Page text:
The Bullet Journal

I am not, by my nature, an organized individual.  At all.  My executive functioning skills are somewhere around those of a tornado-strewn main street the morning after.  In theory, everything I need is somewhere close at hand, but good luck finding it.

So back in January, my wife started me using something called a Bullet Journal.

It’s a pretty simple idea, really: organizing by month, by day, by task.  It’s a glorified to do list, really, but it’s tremendously versatile.  Since I started using it, I get a lot more things done, I’m on top of my job-related tasks and my home tasks, and I’m generally more organized and less stressed.

I’ve tried a lot of organizational schemes over the years: checklists, reminders in my phone, calendars, day planners, agendas…none of them seemed to stick the way the bullet journal has.  Maybe it’s the versatility: I can keep my task lists in there, but also put whatever I want in it (I’ve done set lists, written poems, taken notes for meetings, and all sorts of other stuff in there.  I’ve even doodled on many of the pages).  It’s great being able to see my month at a glance and do a more detailed plan for each individual day.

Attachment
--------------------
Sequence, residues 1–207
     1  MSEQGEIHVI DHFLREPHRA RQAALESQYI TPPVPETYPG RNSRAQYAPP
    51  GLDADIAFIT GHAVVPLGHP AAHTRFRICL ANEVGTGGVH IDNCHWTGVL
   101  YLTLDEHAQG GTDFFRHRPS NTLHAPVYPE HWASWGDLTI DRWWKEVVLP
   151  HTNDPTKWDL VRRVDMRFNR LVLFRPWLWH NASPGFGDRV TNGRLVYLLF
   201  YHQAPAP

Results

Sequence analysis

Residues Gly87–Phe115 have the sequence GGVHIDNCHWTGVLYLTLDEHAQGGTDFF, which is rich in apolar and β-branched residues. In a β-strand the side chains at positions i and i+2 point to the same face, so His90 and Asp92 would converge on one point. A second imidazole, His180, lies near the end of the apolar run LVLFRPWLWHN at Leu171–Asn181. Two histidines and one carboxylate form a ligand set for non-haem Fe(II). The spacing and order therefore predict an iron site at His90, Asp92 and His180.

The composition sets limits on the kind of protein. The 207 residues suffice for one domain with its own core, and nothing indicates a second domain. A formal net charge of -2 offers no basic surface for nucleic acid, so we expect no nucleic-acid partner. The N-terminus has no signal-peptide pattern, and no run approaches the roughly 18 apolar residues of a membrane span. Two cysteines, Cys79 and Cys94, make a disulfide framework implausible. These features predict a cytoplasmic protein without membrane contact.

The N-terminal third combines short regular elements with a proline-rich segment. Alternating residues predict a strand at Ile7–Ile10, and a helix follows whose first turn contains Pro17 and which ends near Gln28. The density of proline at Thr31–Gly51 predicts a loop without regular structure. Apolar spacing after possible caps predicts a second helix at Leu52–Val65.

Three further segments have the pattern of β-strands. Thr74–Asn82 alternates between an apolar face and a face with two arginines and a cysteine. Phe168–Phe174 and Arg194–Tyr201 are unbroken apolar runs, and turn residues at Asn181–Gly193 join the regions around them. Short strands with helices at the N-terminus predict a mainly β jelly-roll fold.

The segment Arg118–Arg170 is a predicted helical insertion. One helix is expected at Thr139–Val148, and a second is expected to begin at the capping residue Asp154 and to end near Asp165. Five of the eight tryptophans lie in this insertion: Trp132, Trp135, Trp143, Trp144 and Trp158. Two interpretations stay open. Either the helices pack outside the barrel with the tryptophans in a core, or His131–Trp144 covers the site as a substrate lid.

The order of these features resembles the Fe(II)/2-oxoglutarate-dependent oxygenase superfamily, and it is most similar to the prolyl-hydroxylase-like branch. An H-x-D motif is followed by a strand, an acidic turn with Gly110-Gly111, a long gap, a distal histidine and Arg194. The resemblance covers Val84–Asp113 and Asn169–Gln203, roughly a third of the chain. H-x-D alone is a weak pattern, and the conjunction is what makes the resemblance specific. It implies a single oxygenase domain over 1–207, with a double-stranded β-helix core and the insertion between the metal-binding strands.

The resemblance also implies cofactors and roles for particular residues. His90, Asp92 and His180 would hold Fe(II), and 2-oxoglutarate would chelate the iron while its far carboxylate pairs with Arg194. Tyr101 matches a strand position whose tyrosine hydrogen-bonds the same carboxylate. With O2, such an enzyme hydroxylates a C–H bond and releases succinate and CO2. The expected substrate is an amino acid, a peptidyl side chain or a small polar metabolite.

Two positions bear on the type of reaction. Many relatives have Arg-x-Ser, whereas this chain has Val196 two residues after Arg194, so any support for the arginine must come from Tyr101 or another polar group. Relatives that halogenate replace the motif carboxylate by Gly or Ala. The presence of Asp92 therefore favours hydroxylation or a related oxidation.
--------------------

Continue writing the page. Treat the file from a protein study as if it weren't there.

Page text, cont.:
My journal is color-coded by type of task, I’ve incorporated an increasing series of symbols and cryptic notes to myself that only I understand, and I don’t forget to get things done the way I used to.  I’m comfortable making the claim that this organizational tool actually saved my job last year, helping me stay on top of all the paperwork that comes with being a special education teacher, and it’s keeping me ahead of the curve this year.

I can’t show you the interior of my journal, since it’s very private (and contains information regarding IEPs for my students), but the official bullet journal website that I linked above gives you a great idea of their potential.  If, like me, you struggle with organization and executive function, if you find yourself forgetting to do tasks, or struggling to remember what steps you need to take to complete some assignment or task, the bullet journal may be just what you need.  I’m not shilling for them because of payment or anything; hell, the people who put this thing together don’t know me and don’t need me proselytizing for them, I’m sure.  But I believe in this system and have seen firsthand just how effective and useful it can be.  I definitely recommend it without reservations, and have even gotten a couple of my friends (and a student or two!) to give it a try.

At the end of the day, the bullet journal helps me stay organized and on top of things in my life, and that’s good enough for me.

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